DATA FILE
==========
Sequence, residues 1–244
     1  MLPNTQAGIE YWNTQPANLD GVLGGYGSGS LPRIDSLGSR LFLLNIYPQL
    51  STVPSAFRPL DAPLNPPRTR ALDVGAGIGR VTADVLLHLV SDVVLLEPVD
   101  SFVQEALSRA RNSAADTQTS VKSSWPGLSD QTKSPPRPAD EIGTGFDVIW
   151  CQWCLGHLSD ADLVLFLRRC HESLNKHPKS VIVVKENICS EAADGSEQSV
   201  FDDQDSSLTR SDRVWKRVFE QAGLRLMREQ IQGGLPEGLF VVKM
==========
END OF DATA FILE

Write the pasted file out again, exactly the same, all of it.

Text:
Sequence, residues 1–244
     1  MLPNTQAGIE YWNTQPANLD GVLGGYGSGS LPRIDSLGSR LFLLNIYPQL
    51  STVPSAFRPL DAPLNPPRTR ALDVGAGIGR VTADVLLHLV SDVVLLEPVD
   101  SFVQEALSRA RNSAADTQTS VKSSWPGLSD QTKSPPRPAD EIGTGFDVIW
   151  CQWCLGHLSD ADLVLFLRRC HESLNKHPKS VIVVKENICS EAADGSEQSV
   201  FDDQDSSLTR SDRVWKRVFE QAGLRLMREQ IQGGLPEGLF VVKM